Monday, 26 May 2014

The camera you take when not taking a camera - Review of the Sony DSC-HX50V

There are many times that I have been strolling/bush walking or out for a short drive when I have wanted to take a photo and all I have is my camera phone which basically sucks in most situations. Maybe you want to go on holiday and travel very light.

I have had simple point and shoot cameras in the past and thought it may be time to re-visit one as a pocket camera for times like above. My partner, Chris isn't one to twiddle with settings to get the best photo and we are often out where she wants to take a snap. While Chris tends to spend large sums of the latest mobile phone, some of which have half-decent cameras, they often come up wanting in anything remotely challenging.

I bit the bullet and was about to buy a Samsung WB350. Not the greatest of cameras but just right for Chris and acceptable photo quality for sharing. The WiFi functionality was a big drawing point for Chris. The price was great as there was a sale on but now living outside a large metropolis, by the time Chris got to the store, the sale was over and the camera had gone up in price from around $249 to $299 (everything is more expensive in Australia). For just a couple of dollars more, it was possible to do much better. I had seen the Sony DSC-HX50V for sale for $349. While it had been superseded, the reviews were good and it seemed like much better value. According to Internet, my local electronics store had the newer version for sale at $449 but that was getting a bit much (and quite often they need to order in stuff). What a surprise when I popped in and saw the Sony DSC-HX50V for $349. A little bit of haggling and it was mine for $329 or just $30 more than the Samsung.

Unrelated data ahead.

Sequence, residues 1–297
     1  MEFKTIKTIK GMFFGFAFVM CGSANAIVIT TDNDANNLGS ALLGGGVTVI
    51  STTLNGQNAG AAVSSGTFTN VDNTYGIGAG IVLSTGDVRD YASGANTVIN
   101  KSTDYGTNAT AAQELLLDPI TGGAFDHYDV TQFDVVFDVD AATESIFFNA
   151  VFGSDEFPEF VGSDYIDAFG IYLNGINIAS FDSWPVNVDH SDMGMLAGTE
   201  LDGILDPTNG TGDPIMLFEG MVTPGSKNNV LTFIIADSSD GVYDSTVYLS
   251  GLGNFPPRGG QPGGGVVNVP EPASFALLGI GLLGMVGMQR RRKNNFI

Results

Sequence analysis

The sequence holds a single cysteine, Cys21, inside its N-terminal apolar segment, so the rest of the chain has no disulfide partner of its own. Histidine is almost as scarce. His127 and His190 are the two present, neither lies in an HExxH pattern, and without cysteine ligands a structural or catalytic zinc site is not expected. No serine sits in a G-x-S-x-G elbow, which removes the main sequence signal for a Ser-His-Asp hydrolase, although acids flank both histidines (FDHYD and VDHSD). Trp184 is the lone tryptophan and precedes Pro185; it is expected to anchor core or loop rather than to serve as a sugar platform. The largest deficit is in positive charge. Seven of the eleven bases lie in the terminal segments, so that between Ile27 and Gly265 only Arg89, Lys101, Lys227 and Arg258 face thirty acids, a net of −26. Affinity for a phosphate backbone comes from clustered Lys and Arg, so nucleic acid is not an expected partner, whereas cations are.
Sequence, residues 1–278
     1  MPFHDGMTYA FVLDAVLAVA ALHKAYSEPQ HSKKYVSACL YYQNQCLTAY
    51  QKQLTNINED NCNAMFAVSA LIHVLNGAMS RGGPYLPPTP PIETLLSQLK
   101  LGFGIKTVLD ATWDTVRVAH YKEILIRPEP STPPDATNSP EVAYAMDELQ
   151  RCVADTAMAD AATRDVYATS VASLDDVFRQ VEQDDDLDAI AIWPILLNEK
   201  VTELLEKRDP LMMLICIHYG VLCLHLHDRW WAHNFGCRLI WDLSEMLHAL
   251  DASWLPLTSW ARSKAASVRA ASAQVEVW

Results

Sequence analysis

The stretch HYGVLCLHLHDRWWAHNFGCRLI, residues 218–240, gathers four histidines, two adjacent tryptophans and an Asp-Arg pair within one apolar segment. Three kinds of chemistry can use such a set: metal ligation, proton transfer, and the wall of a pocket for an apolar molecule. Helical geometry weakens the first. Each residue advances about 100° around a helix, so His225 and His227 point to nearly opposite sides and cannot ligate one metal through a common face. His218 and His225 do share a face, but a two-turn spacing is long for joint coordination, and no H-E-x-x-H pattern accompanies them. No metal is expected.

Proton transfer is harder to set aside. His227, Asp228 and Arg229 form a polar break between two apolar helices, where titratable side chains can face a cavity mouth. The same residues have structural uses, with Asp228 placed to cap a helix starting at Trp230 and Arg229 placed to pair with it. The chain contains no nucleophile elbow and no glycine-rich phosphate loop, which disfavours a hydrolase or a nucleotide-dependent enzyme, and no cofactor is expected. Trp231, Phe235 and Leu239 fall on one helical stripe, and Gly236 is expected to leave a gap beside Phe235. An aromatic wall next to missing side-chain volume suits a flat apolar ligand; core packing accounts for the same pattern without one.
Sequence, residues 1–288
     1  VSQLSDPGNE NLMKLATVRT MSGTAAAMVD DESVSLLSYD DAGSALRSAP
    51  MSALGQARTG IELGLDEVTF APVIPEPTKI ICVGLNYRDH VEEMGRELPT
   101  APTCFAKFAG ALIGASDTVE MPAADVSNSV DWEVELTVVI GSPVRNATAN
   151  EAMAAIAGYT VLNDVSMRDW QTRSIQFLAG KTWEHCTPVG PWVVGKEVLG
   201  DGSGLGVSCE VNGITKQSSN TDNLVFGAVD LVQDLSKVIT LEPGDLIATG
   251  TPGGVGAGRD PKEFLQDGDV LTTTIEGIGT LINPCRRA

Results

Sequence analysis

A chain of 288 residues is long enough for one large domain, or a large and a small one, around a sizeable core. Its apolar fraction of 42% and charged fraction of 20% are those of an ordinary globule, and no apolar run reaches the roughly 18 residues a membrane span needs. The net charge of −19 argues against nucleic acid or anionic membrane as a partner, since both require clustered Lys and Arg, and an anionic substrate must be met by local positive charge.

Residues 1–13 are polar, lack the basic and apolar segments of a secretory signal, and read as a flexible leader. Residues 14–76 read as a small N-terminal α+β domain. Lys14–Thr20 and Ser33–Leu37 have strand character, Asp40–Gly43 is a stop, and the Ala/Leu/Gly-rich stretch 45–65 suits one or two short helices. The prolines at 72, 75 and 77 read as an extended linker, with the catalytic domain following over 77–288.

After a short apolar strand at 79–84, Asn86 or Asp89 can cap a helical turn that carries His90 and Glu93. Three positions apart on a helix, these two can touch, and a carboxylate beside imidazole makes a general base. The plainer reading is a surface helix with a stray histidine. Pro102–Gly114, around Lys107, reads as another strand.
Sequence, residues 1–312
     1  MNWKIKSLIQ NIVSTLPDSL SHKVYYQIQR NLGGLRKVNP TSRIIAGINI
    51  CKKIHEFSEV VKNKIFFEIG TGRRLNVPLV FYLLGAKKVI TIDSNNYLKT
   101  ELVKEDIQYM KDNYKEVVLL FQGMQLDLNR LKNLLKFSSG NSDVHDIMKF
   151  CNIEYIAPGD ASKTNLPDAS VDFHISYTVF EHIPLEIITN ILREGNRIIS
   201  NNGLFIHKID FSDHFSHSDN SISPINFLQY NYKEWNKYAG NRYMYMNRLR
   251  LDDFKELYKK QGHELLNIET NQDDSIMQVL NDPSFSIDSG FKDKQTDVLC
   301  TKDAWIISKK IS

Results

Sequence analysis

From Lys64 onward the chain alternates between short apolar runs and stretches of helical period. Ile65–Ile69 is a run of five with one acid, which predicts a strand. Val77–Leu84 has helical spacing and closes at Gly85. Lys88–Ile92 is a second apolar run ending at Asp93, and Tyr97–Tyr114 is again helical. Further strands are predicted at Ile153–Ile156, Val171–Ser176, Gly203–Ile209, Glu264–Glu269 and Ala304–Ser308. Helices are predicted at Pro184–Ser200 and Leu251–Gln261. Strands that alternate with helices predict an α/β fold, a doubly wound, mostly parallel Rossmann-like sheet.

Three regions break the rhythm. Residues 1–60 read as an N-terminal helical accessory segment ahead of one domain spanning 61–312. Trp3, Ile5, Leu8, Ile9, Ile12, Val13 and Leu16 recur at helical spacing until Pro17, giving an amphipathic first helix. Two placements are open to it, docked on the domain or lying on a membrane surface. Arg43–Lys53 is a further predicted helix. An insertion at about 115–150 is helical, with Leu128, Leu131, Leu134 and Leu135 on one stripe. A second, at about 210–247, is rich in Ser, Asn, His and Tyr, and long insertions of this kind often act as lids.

The camera is small, amazingly small for a camera with a 30x zoom lens. Frankly, if the body was any smaller, it would be cramped. Build quality is solid and controls are well placed. It even has an external flash shoe of a Sony design for their fancy (overpriced) accessories that will take a standard ISO shoe flash. Tried it out with my Olympus FL14 flash on the "auto" setting and it works fine after a little experimentation with settings (and greatly extends the flash range).

About the only comment regarding the build quality would be the battery door which is a little too easy to open accidentally.

Taking pictures - I trialled the camera on the "Superior Auto" mode as this is what Chris would most likely be using and the results are impressive. Best to look at the results. All shots are hand-held, the camera has chosen all settings and none have been overridden, some night shots have ISO boosted to 12800 and have come out surprisingly well. Maybe not for printing wall sized posters but ideal for social media, general viewing online and printing small prints. Images shot in better light where ISO is kept to ISO 800 are excellent. A big improvement over a mobile phone and certainly better than any of the compact cameras I have had in the past.

Credit - the last 3 photos were taken by Chris.

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